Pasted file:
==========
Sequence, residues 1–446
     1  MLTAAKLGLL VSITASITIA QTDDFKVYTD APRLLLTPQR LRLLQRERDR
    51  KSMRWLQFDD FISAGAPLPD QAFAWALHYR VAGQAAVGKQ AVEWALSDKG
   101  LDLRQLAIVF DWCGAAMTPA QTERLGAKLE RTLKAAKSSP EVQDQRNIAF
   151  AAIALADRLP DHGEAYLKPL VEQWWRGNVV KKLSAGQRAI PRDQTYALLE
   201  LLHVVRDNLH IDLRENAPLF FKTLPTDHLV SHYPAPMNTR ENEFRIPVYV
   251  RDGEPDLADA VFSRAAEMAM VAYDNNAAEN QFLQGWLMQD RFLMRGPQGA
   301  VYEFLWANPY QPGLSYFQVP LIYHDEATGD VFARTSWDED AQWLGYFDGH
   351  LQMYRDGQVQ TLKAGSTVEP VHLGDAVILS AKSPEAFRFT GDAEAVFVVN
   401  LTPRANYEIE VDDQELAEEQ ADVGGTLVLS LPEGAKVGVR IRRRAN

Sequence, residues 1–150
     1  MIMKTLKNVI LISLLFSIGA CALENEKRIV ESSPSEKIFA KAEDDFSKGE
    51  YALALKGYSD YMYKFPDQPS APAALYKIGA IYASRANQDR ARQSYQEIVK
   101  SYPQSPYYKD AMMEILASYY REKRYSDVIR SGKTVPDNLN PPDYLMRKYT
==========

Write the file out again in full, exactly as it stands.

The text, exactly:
Sequence, residues 1–446
     1  MLTAAKLGLL VSITASITIA QTDDFKVYTD APRLLLTPQR LRLLQRERDR
    51  KSMRWLQFDD FISAGAPLPD QAFAWALHYR VAGQAAVGKQ AVEWALSDKG
   101  LDLRQLAIVF DWCGAAMTPA QTERLGAKLE RTLKAAKSSP EVQDQRNIAF
   151  AAIALADRLP DHGEAYLKPL VEQWWRGNVV KKLSAGQRAI PRDQTYALLE
   201  LLHVVRDNLH IDLRENAPLF FKTLPTDHLV SHYPAPMNTR ENEFRIPVYV
   251  RDGEPDLADA VFSRAAEMAM VAYDNNAAEN QFLQGWLMQD RFLMRGPQGA
   301  VYEFLWANPY QPGLSYFQVP LIYHDEATGD VFARTSWDED AQWLGYFDGH
   351  LQMYRDGQVQ TLKAGSTVEP VHLGDAVILS AKSPEAFRFT GDAEAVFVVN
   401  LTPRANYEIE VDDQELAEEQ ADVGGTLVLS LPEGAKVGVR IRRRAN

Sequence, residues 1–150
     1  MIMKTLKNVI LISLLFSIGA CALENEKRIV ESSPSEKIFA KAEDDFSKGE
    51  YALALKGYSD YMYKFPDQPS APAALYKIGA IYASRANQDR ARQSYQEIVK
   101  SYPQSPYYKD AMMEILASYY REKRYSDVIR SGKTVPDNLN PPDYLMRKYT